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Journal of Immunology Research
Volume 2014, Article ID 593562, 10 pages
Research Article

Tumor-Activated T Cells from Gastric Cancer Patients Induce the Antitumor Immune Response of T Cells via Their Antigen-Presenting Cell-Like Effects

1Department of Nuclear Medicine, The Affiliated Hospital of Jiangsu University, 438 Jiefang Road, Zhenjiang 212001, China
2Institute of Oncology, The Affiliated Hospital to Jiangsu University, 438 Jiefang Road, Zhenjiang 212001, China
3Department of Immunology and Laboratory Immunology, School of Medical Science and Laboratory Medicine, Jiangsu University, 301 Xuefu Road, Zhenjiang 212013, China

Received 5 December 2013; Revised 28 January 2014; Accepted 25 February 2014; Published 31 March 2014

Academic Editor: Bin Zhang

Copyright © 2014 Chaoming Mao et al. This is an open access article distributed under the Creative Commons Attribution License, which permits unrestricted use, distribution, and reproduction in any medium, provided the original work is properly cited.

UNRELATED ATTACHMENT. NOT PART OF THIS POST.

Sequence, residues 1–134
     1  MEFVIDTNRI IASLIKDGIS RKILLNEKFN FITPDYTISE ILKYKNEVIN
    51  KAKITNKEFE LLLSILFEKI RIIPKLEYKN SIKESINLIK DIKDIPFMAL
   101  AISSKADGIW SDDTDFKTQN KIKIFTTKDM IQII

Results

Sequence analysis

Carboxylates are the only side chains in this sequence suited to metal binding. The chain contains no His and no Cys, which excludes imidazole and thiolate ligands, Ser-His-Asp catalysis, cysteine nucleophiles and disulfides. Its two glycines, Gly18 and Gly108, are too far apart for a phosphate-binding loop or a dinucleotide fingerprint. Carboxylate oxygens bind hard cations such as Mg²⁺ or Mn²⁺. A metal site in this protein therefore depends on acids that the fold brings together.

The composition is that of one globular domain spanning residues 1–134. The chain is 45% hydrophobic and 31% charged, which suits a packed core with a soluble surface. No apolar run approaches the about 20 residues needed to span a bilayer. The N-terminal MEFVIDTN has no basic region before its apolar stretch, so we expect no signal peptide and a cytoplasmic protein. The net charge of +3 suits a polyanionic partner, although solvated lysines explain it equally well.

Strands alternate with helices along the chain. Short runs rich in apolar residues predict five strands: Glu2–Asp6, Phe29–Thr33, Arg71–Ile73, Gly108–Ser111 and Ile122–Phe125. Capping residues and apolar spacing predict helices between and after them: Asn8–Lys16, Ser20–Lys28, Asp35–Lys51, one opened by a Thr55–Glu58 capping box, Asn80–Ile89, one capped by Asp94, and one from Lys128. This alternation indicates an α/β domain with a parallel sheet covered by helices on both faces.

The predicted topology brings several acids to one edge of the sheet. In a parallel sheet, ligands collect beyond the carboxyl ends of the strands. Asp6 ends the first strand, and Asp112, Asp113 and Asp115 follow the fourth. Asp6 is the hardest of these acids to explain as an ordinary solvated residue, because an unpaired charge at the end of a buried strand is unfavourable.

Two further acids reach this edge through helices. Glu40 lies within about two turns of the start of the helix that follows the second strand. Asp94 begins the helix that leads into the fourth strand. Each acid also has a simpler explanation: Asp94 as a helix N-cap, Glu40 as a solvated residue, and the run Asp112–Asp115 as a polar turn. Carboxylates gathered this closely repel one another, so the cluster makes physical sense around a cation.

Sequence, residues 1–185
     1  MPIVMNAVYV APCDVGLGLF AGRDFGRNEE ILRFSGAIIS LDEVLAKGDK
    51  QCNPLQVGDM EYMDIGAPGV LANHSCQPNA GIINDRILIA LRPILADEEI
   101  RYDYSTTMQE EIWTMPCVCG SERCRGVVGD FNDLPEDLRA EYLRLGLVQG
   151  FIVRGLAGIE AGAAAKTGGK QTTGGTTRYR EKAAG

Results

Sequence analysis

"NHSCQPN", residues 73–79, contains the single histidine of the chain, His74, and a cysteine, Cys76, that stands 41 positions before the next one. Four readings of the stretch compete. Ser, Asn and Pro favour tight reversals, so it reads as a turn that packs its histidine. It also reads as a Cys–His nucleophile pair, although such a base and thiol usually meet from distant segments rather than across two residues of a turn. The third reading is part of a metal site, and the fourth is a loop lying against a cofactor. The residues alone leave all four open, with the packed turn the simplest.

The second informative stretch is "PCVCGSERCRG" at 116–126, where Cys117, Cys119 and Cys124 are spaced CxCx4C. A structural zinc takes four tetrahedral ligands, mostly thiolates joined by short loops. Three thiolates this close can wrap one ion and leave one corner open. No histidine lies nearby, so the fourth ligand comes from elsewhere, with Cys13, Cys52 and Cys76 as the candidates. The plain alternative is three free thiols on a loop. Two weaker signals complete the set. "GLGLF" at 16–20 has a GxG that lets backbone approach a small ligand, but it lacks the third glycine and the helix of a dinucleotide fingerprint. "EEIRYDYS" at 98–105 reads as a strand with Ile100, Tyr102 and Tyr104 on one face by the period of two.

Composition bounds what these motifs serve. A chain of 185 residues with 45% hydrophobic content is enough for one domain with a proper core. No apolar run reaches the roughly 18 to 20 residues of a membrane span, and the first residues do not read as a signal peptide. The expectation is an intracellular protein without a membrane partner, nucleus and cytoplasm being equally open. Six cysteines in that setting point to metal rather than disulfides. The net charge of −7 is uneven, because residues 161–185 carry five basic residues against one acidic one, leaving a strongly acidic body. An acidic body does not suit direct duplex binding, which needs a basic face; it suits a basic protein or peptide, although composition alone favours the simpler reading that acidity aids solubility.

Human γδ T cells display the principal characteristics of professional antigen-presenting cells (APCs), in addition to playing a vital role in immunity through cytokine secretion and their cytotoxic activity. However, it is not clear whether γδ T cells perform APC-like functions under pathological conditions. In this study, we showed that, in contrast to peripheral-derived γδ T cells directly isolated from PBMCs of gastric cancer patients, tumor-activated γδ T cells not only killed tumor cells efficiently but also strongly induced primary CD4+ and CD8+  αβ T cells proliferation and differentiation. More importantly, they abrogated the immunosuppression induced by CD4+CD25+ Treg cells and induced the cytotoxic function of CD8+  αβ T cells from patients with gastric cancer. In conclusion, tumor-activated γδ T cells can induce adaptive immune responses through their APC-like functions, and these cells may be a potentially useful tool in the development of tumor vaccines and immunotherapy.